It is challenging for new pharmaceutical companies to jump through the regulatory hoops of the FDA to produce cheaper or generic forms of insulin. Three pharmaceutical companies control the insulin market, Eli Lilly, Novo Nordisk, and Sanofi. Historically, prices have risen, and each company has followed the other’s lead. Prices of insulin are based on the cost per unit of insulin. For instance, short-acting insulin (insulin lispro) comes in a 10 ml vial with 100 units/ml. The recommendation for insulin vials is to discard them after 28 days of use.
There are three types of insulin, short-acting, intermediate-acting, and long-acting. The preferred method is to give short-acting insulin before meals in addition to one or two doses per day of long-acting insulin. This method of insulin injection is called “basal/bolus dosing.” Recently, new generic brands of short- and long-acting insulins have dramatically decreased patients’ insulin costs. The most commonly used short-acting insulin is called insulin lispro. It is administered before each meal to lower glucose levels and prevent hyperglycemia.
In 1999, a vial of lispro cost $21, and in 2019, $332, reflecting a 1,000% increase in cost. I am so happy to tell you that as of May 1, 2023, per Eli Lilly & Company, a vial of insulin lispro will cost $25. Long-acting insulin glargine is administered once daily and controls the blood glucose levels over 24 hours. It will cover all the daily stressors that manifest into a glucose spike in the blood. Insulin glargine costs were over $700 per vial up to July 2021. The generic brand of insulin glargine costs $129 per vial. The decrease in prices of the two insulins is an 87% decrease per month for the patient.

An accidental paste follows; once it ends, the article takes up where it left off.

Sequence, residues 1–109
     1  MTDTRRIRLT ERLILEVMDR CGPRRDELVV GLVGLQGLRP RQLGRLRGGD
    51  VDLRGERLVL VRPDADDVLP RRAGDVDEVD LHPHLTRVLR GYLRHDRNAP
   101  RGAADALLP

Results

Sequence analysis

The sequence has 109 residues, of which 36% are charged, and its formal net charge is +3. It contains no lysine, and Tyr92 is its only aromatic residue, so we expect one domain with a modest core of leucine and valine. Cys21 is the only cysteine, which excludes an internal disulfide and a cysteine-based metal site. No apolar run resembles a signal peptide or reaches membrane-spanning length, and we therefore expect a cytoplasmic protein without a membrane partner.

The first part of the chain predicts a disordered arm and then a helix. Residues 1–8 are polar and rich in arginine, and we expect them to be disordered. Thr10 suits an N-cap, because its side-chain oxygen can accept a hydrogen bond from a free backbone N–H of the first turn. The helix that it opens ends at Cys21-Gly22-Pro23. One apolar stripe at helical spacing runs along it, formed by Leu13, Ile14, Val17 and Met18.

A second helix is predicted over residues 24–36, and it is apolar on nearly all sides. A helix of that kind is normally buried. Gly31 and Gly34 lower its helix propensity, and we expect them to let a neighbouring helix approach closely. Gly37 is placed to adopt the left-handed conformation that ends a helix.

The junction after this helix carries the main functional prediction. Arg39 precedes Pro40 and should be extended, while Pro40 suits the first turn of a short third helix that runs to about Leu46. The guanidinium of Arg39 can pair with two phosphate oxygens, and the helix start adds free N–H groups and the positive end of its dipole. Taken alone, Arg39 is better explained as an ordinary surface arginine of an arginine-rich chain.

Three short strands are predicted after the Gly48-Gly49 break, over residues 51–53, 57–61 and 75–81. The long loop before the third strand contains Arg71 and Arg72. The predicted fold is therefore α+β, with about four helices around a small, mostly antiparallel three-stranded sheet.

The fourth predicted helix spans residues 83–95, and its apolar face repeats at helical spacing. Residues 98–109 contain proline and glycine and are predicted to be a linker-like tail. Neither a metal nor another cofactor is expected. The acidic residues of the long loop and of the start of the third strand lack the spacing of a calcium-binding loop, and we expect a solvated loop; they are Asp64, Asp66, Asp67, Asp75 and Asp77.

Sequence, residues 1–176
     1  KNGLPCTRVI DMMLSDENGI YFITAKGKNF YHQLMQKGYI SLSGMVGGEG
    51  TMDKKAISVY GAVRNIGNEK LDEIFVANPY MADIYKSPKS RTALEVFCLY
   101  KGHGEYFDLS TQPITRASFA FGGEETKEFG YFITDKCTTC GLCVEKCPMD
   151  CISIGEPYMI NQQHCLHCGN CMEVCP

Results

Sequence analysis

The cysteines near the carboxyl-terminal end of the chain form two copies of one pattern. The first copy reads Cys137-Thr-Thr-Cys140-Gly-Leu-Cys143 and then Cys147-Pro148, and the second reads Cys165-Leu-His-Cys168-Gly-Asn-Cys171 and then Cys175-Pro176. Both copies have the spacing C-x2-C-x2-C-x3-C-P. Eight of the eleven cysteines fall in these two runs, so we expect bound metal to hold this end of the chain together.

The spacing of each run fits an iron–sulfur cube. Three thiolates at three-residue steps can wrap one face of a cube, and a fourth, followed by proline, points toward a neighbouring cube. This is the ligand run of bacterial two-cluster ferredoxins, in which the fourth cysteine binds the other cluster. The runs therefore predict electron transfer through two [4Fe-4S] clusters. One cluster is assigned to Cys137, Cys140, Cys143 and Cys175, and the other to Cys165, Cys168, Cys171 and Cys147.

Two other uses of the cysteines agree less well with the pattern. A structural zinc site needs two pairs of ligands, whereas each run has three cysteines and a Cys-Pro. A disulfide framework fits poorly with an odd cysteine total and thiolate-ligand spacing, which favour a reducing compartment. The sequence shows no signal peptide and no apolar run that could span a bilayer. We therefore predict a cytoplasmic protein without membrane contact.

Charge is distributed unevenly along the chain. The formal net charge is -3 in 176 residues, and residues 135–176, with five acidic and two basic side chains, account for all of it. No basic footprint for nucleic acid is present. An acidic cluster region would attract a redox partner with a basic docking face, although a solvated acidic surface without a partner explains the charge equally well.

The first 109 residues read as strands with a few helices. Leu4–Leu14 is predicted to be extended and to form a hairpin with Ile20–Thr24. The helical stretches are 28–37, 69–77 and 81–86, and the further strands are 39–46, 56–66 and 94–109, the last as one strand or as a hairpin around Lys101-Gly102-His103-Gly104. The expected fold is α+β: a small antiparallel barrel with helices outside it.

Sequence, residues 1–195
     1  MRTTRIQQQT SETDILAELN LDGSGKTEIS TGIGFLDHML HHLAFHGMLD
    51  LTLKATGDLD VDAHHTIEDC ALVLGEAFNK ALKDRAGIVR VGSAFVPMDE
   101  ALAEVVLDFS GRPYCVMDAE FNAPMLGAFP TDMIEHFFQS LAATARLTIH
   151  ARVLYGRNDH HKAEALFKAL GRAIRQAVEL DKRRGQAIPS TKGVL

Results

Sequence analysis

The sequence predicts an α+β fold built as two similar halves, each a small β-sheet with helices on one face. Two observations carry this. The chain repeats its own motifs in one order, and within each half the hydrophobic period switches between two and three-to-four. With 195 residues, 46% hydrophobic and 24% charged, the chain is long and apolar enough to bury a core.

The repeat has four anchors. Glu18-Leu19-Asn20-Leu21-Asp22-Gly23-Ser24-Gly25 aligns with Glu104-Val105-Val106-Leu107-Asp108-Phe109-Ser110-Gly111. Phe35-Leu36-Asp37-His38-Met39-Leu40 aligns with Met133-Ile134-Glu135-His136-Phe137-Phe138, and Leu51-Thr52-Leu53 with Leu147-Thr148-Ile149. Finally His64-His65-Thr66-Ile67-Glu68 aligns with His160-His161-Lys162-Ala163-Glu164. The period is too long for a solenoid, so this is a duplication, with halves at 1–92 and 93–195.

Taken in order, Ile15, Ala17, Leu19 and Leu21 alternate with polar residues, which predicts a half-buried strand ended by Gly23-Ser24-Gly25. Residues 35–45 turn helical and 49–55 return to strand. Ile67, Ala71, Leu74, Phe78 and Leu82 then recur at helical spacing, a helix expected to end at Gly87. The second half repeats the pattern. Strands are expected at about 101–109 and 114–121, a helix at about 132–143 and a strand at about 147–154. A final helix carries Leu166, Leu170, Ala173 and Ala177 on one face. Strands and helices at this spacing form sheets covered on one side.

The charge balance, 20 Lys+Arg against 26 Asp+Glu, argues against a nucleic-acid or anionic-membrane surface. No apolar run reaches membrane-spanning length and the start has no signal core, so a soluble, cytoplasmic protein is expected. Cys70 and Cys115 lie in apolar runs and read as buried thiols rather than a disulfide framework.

I am sharing Eli Lilly and Company’s plans to decrease prices significantly on all their other insulin products. Human insulin cost per vial will be cut by 70% as of the fourth quarter of 2023. Eli Lilly will launch a biosimilar insulin that is interchangeable with insulin glargine. The insulin glargine comes in an injectable pen and will cost $92 for a pack of five, a 78% decrease in price versus brand-name insulin glargine. The product will come to market on April 1, 2023. All Eli Lilly insulins will be capped at $35 if the patient has commercial insurance. For people with diabetes without insurance, there is an insulin affordability website. Once registered, all insulins will cost the patient $35.
Diabetic pilots and the general diabetic patient population have been working through the challenges of their disease complications and the costs of maintaining normal blood sugar levels. Just like I save money for my flight students, I also make it a point to save money for my diabetic friends to live the happiest and healthiest lives possible. “No bucks, no Buck Rogers” for diabetic patients is unacceptable. My mission is affordable insulin to fly like Buck Rogers. Be well and fly safely.